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dc.date.accessioned2016-02-08T09:44:11Z
dc.date.available2016-02-08T09:44:11Z
dc.date.created2014-03-28T15:02:16Z
dc.date.issued2015
dc.identifier.citationFjell, Anders Martin Amlien, Inge Sneve, Markus Handal Grydeland, Håkon Tamnes, Christian Krog Chaplin, Tristan Rosa, Marcello Walhovd, Kristine B . The Roots of Alzheimer’s Disease: Are High-Expanding Cortical Areas Preferentially Targeted?. Cerebral Cortex. 2015, 2556-2565
dc.identifier.urihttp://hdl.handle.net/10852/48985
dc.description.abstractAlzheimer's disease (AD) is regarded a human-specific condition, and it has been suggested that brain regions highly expanded in humans compared with other primates are selectively targeted. We calculated shared and unique variance in the distribution of AD atrophy accounted for by cortical expansion between macaque and human, affiliation to the default mode network (DMN), ontogenetic development and normal aging. Cortical expansion was moderately related to atrophy, but a critical discrepancy was seen in the medial temporo-parietal episodic memory network. Identification of “hotspots” and “coldspots” of expansion across several primate species did not yield compelling evidence for the hypothesis that highly expanded regions are specifically targeted. Controlling for distribution of atrophy in aging substantially attenuated the expansion–AD relationship. A path model showed that all variables explained unique variance in AD atrophy but were generally mediated through aging. This supports a systems-vulnerability model, where critical networks are subject to various negative impacts, aging in particular, rather than being selectively targeted in AD. An alternative approach is suggested, focused on the interplay of the phylogenetically old and preserved medial temporal lobe areas with more highly expanded association cortices governed by different principles of plasticity and stability. This is a pre-copyedited, author-produced PDF of an article accepted for publication in Cerebral Cortex following peer review. The version of record is available online at: http://dx.doi.org/10.1093/cercor/bhu055en_US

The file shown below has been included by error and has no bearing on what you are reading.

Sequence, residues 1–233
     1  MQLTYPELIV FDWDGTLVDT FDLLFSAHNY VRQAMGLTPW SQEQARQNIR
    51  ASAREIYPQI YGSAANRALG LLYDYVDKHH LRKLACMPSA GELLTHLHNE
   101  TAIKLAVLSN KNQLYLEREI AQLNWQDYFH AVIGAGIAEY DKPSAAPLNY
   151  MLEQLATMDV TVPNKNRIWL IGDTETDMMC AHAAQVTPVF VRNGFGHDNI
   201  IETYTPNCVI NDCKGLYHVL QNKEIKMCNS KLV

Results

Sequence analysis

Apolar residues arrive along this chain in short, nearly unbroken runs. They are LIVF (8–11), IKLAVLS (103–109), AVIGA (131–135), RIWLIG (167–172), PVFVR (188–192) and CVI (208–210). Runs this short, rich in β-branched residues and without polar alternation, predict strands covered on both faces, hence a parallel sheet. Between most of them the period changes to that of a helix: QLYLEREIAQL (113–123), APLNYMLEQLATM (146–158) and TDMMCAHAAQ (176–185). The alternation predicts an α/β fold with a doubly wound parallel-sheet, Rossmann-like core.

dc.languageEN
dc.language.isoenen_US
dc.publisherOxford University Press
dc.titleThe Roots of Alzheimer’s Disease: Are High-Expanding Cortical Areas Preferentially Targeted?en_US
dc.typeJournal articleen_US
dc.creator.authorFjell, Anders Martin
dc.creator.authorAmlien, Inge
dc.creator.authorSneve, Markus Handal
dc.creator.authorGrydeland, Håkon
dc.creator.authorTamnes, Christian Krog
dc.creator.authorChaplin, Tristan
dc.creator.authorRosa, Marcello
dc.creator.authorWalhovd, Kristine B
cristin.unitcode185,17,5,0
cristin.unitnamePsykologisk institutt
cristin.ispublishedtrue
cristin.fulltextpostprint
cristin.qualitycode2
dc.identifier.cristin1125660
dc.identifier.bibliographiccitationinfo:ofi/fmt:kev:mtx:ctx&ctx_ver=Z39.88-2004&rft_val_fmt=info:ofi/fmt:kev:mtx:journal&rft.jtitle=Cerebral Cortex&rft.volume=&rft.spage=2556&rft.date=2015
dc.identifier.jtitleCerebral Cortex
dc.identifier.volume25
dc.identifier.issue9
dc.identifier.startpage2556
dc.identifier.endpage2565
dc.identifier.doihttp://dx.doi.org/10.1093/cercor/bhu055
dc.identifier.urnURN:NBN:no-52805
dc.type.documentTidsskriftartikkelen_US
dc.type.peerreviewedPeer reviewed
dc.source.issn1047-3211
dc.identifier.fulltextFulltext https://www.duo.uio.no/bitstream/handle/10852/48985/1/Fjell%2Bet%2Bal%2BCerCor%2BAD%2Bevolution.pdf
dc.type.versionAcceptedVersion


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